The entertainment industry has four prestigious awards: the Oscar, the Tony, the Emmy and the Clonie. The first three of the aforementioned awards are internationally known, but the Clonie, still known more in Bensonhurst than in Brussels, has a developing cachet of its own.
And if you think the goings-on at Keyspan Park don’t qualify as entertainment, loosen up a little. Many Brooklyn fans feel that the action at Keyspan makes it the best show in town.
The Clonie Awards were originated by former Brooklyn Papers columnist Gersh Kuntzman, who determined the award winners for the first three Cyclones seasons.
This year, in Kuntzman’s absence, there was a hue and cry for the awards to be re-named the Gersh Awards, but when it was determined that the hue and cry for the re-naming of the awards came solely from Kuntzman himself, an editorial junta of The Brooklyn Papers decided that the awards would remain Clonies.
And so, without undue ado, the envelopes please.
Alhaji Turay Personality Award: This award is named after the Cyclones outfielder from the 2002 season. After a 2001 season in which the Brooklyn fans fell in love with their team and their fan-friendly, gentlemanly behavior, Turay was a breath of fresh air for fans accustomed to more uncivil responses. Turay’s actions were never playful jokes, but were calculated meanness of a bizarre nature.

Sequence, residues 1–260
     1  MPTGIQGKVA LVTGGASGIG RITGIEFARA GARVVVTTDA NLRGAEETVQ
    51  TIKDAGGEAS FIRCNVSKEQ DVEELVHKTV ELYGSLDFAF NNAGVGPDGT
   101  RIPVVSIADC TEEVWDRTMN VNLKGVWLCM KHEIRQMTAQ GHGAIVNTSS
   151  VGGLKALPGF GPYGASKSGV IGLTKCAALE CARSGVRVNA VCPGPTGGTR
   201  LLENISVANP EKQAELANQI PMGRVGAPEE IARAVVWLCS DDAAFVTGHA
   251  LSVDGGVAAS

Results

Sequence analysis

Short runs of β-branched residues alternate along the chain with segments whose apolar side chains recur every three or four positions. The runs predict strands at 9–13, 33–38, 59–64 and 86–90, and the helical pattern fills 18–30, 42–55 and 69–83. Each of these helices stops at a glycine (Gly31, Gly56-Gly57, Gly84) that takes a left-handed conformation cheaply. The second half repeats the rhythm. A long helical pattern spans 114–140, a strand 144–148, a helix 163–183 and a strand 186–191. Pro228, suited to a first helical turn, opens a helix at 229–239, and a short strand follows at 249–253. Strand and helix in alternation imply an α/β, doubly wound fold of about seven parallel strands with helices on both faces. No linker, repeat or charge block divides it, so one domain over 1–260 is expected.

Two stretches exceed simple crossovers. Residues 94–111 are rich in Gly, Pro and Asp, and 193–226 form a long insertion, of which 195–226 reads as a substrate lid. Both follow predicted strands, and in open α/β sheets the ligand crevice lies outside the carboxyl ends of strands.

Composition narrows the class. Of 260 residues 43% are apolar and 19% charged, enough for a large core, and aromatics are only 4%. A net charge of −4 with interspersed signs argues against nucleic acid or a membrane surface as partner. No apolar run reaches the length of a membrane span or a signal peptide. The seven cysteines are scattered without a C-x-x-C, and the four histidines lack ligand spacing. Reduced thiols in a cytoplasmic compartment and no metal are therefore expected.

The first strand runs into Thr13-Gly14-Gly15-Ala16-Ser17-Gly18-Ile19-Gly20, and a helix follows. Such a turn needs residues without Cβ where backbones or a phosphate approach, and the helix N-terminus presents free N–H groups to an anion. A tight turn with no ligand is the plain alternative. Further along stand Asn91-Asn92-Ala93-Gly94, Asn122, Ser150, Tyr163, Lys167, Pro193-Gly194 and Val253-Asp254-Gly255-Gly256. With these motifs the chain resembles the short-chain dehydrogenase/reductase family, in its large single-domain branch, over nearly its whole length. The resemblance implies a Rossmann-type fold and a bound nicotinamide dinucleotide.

For instance, when a young fan asked Turay to sign a baseball, he signed it “Tom Hanks,” ruining the boy’s collection of Cyclones’ autographs on the ball.
Turay would deny to visiting team reporters that he was, in fact, himself, and he would point to another ball player and direct the reporters there.
Thankfully, there are no nominees of the 2004 Cyclones deserving of the Alhaji Turay Personality Award because these Cyclones were fan friendly guys, so Turay, who finished the 2004 season playing for the Mets farm team at Port St. Lucie, wins his own award in absentia.
Should the Mets ever trade Turay, the tears in Brooklyn will flow like granite.
The Good Guy Award: The nominees are the entire 2004 squad. The players signed thousands of autographs and chatted often with the fans. Manager Tony Tijerina was a good guy to fans and reporters, as were his cordial coaches Donovan Mitchell and Hector Berrios, and trainer Ruben Barrera.
But the winner of the award is Derran Watts, nicknamed “The Deacon” by radio announcer Warner Fusselle for his eloquence and elegance. Whether on or off the field, “The Deacon” demonstrated quiet leadership and concern for others. Watts had his ups and downs in the season, as he was an early batting leader on the team, then hit a slump and had an injury and was sent to Capital City, then back to Brooklyn. Through it all, Watts was a tough competitor and a gentleman to all.
Ross Peeples Pane of Glass Award: By acclaim to Evan MacLane.
Ross Peeples was the left-handed pitcher from Georgia who could not, figuratively, break a pane of glass with his 85-mile-an-hour fastball, yet had great control and a record of 9-3 with an ERA of 1.46 during the Cyclones’ inaugural season.
MacLane, the left-hander from California, reminds many observers of the smooth-throwing Peeples. While he threw harder than Peeples — sometimes reaching 89 to 91 miles an hour with his fastball— and had a record of 5-3 at Brooklyn with a 3.16 ERA, he also had great control as he struck out 70 batters and walked only six.